Opening this Friday, Telstar tells the story of the pioneering British music producer Joe Meek, a man who in the early Sixties established the template for Simon Cowell’s manufactured pop, before succumbing to bad luck, heartbreak and mental illness. We caught up with Con O’Neill (far right), who puts in a bravura performance as Meek, and JJ Field (third from left), who plays Heinz Burt, one of the hit maker's lovers and ill-starred protégés.
ESQUIRE: Con, you played Joe Meek in the stage play of Telstar, also written and directed by Nick Moran, before making the film. Is it a relief to get such a forceful, troubled character out of your life?
CON ‘O’NEILL: The film was very hard for me. The way we were filming wasn’t in order so I had to be “Happy Joe, Sad Joe” all day, every day. I would take myself off and sit with the iPod on and just work like that. It was quite a lonely experience to be shooting like that for seven weeks. Do I miss Joe? I miss his complete conviction that he’s right. But I don’t miss his pugnacious side and I don’t miss his volatility.
ESQ: Joe Meek was a uniquely complex character. He mixed remarkable levels of joy, exuberance and dynamism with incredible darkness. Was that what attracted you to the part in the first place?
CO'N: The joy about playing someone like Joe was that his mindset was that of a teenage girl. He was attracted to those teenage boys that are a bit rough, a bit ready. The songs in his head tended to be on the romantic, mushy side. The intriguing thing was playing a man that was so brutish and yet so vain in all walks of his life. As an actor, you have to commit yourself entirely and it’s rare to get the opportunity to throw yourself off a cliff like that.
ESQ: Other than the millions of records he sold, most notable of which was Telstar, what was it that made Meek so special?
CO'N: He was the voice of independent pop. I think it’s completely underestimated how important his dynasty is. This is a man who lacked a studio system, who created a world within his own world. The magic of what he did is that he didn’t rely on anyone else. He was capable of creating music in anyone. The Beatles, the Rolling Stones and those bands who wrote their own songs were the ones that made Joe obsolete, but for those five glorious years before they arrived he was the most innovative man in the world of pop music.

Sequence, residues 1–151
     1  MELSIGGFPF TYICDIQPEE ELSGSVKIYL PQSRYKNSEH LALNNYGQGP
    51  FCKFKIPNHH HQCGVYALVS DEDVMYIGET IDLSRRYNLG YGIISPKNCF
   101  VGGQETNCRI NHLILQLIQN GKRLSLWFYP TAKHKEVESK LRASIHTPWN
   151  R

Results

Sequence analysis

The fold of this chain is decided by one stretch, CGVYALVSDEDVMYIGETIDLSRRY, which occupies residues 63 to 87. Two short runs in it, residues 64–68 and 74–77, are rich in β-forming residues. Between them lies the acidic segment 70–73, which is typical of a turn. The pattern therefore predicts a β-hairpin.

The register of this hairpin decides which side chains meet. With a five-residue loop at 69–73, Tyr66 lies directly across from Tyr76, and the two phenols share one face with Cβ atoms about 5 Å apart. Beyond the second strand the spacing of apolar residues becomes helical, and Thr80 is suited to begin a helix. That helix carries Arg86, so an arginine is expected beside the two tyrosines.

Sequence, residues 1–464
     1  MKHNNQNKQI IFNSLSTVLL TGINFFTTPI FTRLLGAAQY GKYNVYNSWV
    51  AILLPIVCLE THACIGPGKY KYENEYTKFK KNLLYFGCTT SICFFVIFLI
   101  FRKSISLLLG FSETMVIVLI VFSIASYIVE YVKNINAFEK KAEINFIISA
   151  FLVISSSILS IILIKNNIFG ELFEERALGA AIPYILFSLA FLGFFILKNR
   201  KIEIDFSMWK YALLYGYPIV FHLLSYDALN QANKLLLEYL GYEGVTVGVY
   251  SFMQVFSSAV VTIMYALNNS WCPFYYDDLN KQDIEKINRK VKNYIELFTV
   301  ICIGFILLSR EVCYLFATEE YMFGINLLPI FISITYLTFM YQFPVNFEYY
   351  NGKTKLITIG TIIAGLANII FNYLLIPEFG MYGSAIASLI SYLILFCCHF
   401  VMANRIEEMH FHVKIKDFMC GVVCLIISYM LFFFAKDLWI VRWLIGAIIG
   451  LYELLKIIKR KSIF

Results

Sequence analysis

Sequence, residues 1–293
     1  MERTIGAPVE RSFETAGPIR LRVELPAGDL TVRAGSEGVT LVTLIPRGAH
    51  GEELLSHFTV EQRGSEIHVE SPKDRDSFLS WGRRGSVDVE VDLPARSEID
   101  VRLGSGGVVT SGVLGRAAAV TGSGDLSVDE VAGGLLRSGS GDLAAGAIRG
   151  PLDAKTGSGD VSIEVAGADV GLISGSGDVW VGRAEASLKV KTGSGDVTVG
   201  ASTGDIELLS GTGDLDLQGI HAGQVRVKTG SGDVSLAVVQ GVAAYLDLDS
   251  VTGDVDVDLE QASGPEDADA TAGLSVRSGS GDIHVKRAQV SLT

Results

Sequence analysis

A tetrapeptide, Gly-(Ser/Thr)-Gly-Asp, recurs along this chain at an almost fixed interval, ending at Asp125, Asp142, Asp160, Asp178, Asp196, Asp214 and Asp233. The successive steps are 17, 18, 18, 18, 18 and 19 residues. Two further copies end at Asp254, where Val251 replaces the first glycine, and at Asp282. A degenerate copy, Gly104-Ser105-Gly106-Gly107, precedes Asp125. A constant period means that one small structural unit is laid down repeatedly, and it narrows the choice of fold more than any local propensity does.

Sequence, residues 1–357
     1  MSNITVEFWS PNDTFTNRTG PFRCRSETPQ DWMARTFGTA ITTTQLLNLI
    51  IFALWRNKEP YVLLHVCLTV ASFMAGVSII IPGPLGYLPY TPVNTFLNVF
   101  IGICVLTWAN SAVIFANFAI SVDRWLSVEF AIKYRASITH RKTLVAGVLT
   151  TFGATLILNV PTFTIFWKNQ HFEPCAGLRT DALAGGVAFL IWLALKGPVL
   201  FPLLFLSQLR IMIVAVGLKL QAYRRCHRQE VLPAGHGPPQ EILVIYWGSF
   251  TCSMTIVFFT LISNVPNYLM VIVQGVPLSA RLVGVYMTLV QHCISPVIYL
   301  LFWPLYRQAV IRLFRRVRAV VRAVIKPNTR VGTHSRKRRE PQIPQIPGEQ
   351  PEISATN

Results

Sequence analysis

ESQ: And if Meek was the original Simon Cowell, could Heinz Burt be described as the proto Gareth Gates?
CO'N: Maybe. I think Heinz broke his heart, but I think Joe was far too gone by that stage anyway. For a man his age to fall in love with a straight boy, to all intents and purposes, and to put that much of himself into all those sort of things, which he always did…it was not acceptable behaviour. I don’t think Heinz was terrible to manipulate Joe. Joe ran in there regardless.
JJ FIELD: Heinz was an innocent. I think he became the product of what was thrust upon him. He didn’t have enough of his own personality and intelligence to survive without that, without the support. I think it was that sort of innocence that attracted Joe…they were perfect for eachother. Heinz needed someone of brilliance and of charisma like Joe Meek to make him who he was. He’s a reminder of the present obsession with celebrity, how dangerous it is today and that this has been going on for a long time.
ESQ: How did you prepare for the part of this blonde-quiffed pop poseur?
JJF: Nick gave me a giant folder of video footage and audio and literature to pile into. I went home and I sat in my living room and I remember putting the DVD footage on loop and talking to the screen ‘cos Heinz had a very particular voice. I arrived a couple of days before we started filming, and then we went straight in.
ESQ: And how did Con help?
JJF: Well, I had to research how to kiss a man and this was done through hours and hours of hard practise with Con O’Neill. Luckily, he is one of the best kissers in the world (at least that’s what we've agreed I'll tell everyone)
Telstar is out on Friday June 19